Beep, beep. ”Who’s that beeping?’’ asked my mum as dawn broke on the first morning of our boating break.
Beeep, beeep. ‘’There they go again,’’ said the 70-year-old, who was putting on her face in her tiny bedroom, curtains drawn.
Beeeep, beeeep. ”I don’t know who they’re beeping at,’’ my mum shouted to my wife, Jayne, who was taking a shower.
Beeeeep, beeeeep. ”For goodness sake,’’ she said, exasperated, sliding back the curtains to see what the commotion was about.
”Oh, no, Jayne,’’ she shrieked. ”The boat’s come adrift. We’re blocking the canal. Other boats are waiting to get past. Where’s Adrian?’’
Ten minutes earlier, the captain (that’s me) had gone for a little jog up the towpath, leaving my two deckhands in temporary charge.
Unfortunately, neither of them knew how to start the engine, let alone steer the 64ft, eight-birth narrowboat out of harm’s way.
Of course, they should have known but the informative handover briefing obviously went in one ear and out the other.
As a result, panic ensued.
There was no little embarrassment, too, especially for Jayne who had to abort her shower and step up to the stern wrapped in a towel.
Luckily, road rage is not common on Britain’s canals and the beeping boaters were happy to wait, once they’d grabbed my mum’s attention.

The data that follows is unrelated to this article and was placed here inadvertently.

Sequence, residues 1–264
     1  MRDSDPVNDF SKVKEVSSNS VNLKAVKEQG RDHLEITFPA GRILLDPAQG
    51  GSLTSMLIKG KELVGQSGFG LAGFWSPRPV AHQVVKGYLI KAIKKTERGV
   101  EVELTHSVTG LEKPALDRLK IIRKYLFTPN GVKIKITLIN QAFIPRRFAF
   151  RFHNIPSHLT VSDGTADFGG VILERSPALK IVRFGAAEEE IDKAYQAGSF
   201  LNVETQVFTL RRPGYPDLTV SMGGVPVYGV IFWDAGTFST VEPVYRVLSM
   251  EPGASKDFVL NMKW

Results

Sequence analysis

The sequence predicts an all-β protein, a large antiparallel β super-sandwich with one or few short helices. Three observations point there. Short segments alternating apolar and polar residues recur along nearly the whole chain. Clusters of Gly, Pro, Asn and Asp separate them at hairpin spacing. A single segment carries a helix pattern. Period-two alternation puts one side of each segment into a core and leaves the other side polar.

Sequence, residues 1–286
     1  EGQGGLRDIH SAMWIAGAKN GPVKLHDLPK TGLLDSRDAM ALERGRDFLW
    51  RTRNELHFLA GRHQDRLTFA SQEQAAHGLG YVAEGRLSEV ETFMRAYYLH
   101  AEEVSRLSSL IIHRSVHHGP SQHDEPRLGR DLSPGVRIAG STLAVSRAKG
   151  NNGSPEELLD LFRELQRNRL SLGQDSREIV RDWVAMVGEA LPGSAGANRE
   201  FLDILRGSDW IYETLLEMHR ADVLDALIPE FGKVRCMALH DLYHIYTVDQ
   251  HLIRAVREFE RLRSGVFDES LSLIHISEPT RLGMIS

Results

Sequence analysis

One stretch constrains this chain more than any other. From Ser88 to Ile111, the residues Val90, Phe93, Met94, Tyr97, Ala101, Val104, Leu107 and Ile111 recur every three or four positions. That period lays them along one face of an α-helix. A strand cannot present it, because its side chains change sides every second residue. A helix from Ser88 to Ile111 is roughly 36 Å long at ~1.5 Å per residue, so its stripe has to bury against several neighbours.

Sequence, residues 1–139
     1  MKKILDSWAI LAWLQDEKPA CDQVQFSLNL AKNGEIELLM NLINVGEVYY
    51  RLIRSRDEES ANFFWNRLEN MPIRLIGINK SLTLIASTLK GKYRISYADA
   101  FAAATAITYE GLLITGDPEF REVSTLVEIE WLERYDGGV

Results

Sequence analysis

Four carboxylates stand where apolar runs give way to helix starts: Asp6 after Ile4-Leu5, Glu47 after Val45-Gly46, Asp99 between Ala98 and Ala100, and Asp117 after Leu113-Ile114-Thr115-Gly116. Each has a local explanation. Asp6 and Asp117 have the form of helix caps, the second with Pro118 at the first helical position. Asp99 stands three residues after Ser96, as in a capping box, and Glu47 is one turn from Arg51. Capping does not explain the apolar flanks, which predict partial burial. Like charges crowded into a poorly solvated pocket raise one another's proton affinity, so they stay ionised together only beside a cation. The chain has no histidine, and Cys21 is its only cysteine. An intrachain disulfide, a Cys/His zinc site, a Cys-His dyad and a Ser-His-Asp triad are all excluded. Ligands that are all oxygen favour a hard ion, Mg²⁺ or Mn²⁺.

A little too happy, in fact, because they were videoing the unfolding ‘comedy show’ while chuckling away to themselves.
Thankfully, the recording has yet to appear on YouTube!
Meanwhile, I had been retracing my steps and as it slowly dawned on me what was going on ahead, I considered jogging on past.
However, matters seemed to be under control after an experienced boater heroically boarded our vessel and manoeuvred it to the canal bank.
For a while, it was hell for my wife and mum but they soon saw the funny side and didn’t stop laughing about it the rest of the weekend.
So how on earth had our narrowboat managed to come adrift?
My finger of blame pointed at a group of young, male boaters who had moored up next to us the previous evening.
We got chatting and they said it was the last night of their week-long holiday and that they had to return their boat early next morning.
I thought they seemed like an ok bunch but my wife and mum – better judges of character, it would seem – felt they weren’t to be trusted.
When I went for my jog the following morning, the lads’ boat was still there. When I returned, just minutes later, remember, it was gone.
Coincidence? I think not. However, the fact we started to come adrift a second time seemed to suggest my knot-tying abilities weren’t all they should have been.
The rest of the trip was completely stress free.
We’d set off the previous afternoon from the Anglo Welsh Waterways Holidays base at Trevor, four miles east of Llangollen in mid-Wales.
The boat had two toilets, a fully-equipped kitchen, a TV/DVD player, a radio/CD player and, of course, a comprehensive boat manual.
Trevor’s a popular base because it can offer holidaymakers an instant thrill.